Photo by: Purwo Kuncoro

Seeing the World Through a Tarsier’s Eyes

By Sam Gochman

Opportunities like demonstrating our Tarsier Goggles at The Leakey Foundation’s 50th anniversary gala do not come often. So when we were invited to attend, we happily accepted and made our way from Dartmouth College to the St. Regis. The event proved to be informative from both anthropological and design perspectives, not to mention a great celebration!

Sam Gochman (left) and Benjamin Cooper (right) demonstrate their work designed and developed at Dartmouth College.

Tarsiers are small (tennis ball-sized) nocturnal primates that have the largest eyes relative to body size of any known living or extinct vertebrate. Their enormous eyes are thought to enhance visually-guided predation by increasing visual sensitivity in dim light and contrasting an object of focus with a progressive depth of field. In addition, protanopia (red-green color blindness) reduces color noise.

Our project uses virtual reality to contrast visual properties of tarsiers and humans and move beyond current educational methods toward a more personal, visceral experience. As a tool for educational outreach and science communication in the classroom and museum settings, it helps experientially teach about the impacts of natural selection and alternative optical systems. As a tool for introspection, it encourages users to question the limited extent to which their perceptual understandings of their surroundings is shared with other organisms.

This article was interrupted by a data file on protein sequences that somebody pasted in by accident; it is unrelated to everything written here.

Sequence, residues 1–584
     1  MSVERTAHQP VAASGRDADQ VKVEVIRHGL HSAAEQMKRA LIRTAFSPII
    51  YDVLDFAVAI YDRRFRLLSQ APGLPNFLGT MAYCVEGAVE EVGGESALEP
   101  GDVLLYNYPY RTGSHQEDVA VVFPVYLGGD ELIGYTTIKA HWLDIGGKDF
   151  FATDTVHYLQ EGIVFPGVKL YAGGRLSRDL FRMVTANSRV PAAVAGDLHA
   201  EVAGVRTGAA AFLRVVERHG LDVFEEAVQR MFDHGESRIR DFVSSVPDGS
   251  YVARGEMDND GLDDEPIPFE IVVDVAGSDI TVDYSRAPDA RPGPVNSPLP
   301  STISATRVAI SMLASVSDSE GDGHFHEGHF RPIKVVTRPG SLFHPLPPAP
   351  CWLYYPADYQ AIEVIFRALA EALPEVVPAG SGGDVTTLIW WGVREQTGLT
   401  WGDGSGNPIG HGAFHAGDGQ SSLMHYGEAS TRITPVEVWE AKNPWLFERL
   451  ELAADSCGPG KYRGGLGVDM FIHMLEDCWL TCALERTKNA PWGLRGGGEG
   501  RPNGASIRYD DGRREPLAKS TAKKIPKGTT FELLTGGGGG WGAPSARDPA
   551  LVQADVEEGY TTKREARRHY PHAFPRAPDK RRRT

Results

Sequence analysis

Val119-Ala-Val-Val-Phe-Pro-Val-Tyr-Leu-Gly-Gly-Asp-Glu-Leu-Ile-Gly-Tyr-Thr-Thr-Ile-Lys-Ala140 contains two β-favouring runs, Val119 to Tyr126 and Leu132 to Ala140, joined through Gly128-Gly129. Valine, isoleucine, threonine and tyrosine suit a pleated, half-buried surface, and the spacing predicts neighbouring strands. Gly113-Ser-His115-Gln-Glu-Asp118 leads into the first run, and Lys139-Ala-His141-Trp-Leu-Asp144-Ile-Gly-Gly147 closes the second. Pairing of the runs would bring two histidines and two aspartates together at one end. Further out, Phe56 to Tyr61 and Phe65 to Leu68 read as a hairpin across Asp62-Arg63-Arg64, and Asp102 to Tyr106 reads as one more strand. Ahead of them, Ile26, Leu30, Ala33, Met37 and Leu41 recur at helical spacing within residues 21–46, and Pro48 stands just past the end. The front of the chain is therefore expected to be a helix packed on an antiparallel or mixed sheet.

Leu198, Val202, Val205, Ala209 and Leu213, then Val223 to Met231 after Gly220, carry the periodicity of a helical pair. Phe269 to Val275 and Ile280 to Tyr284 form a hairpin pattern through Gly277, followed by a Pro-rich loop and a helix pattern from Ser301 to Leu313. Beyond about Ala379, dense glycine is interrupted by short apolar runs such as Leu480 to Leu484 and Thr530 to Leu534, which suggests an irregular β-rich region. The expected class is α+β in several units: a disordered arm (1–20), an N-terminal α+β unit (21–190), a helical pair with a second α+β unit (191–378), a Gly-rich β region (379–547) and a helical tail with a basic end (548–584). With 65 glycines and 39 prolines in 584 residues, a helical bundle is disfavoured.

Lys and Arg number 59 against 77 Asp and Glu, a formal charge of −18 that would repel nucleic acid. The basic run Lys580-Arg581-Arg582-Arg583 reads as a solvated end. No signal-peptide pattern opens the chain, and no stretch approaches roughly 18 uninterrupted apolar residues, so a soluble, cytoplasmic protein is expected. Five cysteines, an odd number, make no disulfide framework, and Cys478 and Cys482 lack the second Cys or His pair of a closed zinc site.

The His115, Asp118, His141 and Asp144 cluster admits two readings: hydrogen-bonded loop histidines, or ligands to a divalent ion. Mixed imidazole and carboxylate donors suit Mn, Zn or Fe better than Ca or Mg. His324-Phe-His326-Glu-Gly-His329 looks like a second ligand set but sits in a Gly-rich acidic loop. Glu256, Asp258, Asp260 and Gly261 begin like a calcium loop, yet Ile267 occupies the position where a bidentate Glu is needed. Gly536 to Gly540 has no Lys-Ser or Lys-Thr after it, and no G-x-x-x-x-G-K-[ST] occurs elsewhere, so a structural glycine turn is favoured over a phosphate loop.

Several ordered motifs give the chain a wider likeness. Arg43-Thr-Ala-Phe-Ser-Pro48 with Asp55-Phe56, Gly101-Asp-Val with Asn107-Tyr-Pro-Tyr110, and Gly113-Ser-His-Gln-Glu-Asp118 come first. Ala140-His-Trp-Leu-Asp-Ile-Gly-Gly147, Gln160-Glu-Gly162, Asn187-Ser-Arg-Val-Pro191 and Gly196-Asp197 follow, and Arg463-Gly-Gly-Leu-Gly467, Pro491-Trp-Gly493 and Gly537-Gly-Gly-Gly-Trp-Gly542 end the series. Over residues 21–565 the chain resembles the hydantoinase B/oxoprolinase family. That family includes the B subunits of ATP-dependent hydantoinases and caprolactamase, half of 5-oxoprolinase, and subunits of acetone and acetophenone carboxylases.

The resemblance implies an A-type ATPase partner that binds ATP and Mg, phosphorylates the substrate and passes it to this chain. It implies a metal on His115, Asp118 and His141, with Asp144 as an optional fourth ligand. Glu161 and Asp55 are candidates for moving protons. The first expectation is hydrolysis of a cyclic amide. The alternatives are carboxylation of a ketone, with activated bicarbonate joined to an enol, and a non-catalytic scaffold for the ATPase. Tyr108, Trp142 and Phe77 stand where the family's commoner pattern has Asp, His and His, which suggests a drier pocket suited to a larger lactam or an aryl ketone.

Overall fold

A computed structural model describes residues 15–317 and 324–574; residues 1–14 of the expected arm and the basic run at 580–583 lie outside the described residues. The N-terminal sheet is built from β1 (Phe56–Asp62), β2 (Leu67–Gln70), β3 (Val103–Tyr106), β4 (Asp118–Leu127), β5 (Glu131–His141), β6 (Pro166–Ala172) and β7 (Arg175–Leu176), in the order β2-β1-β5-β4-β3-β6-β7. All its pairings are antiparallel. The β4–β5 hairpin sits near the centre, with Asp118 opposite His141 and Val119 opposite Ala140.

Bernard Wood, Professor of Human Origins at George Washington University, tries on the headset for the first time.

Denise Su, Curator and Head of Paleobotany & Paleoecology at the Cleveland Museum of Natural History, explores the world of the tarsier Photo by Sam Gochman.

At the Gala, we had the chance to socialize with prominent players in the field, learn about The Leakey Foundation’s history, and hear about research at the frontiers of anthropology. At the after-party, we brought Tarsier Goggles to anthropologists and entrepreneurs alike as a “Young Professionals” project alongside Lenovo. We had lots of fun sharing our project, and we also used that time to conduct user testing with our system. From the event, we learned about new ways to improve and streamline the user experience, and we hope to continue to make it more self-guided and polished in the future. This will be especially important as we move to collaborate with a local natural history museum.

Guests from diverse professional backgrounds experience tarsier vision Photo by Sam Gochman.

We thank The Leakey Foundation for giving us the opportunity to engage with such a prominent institution and share our work with the public.

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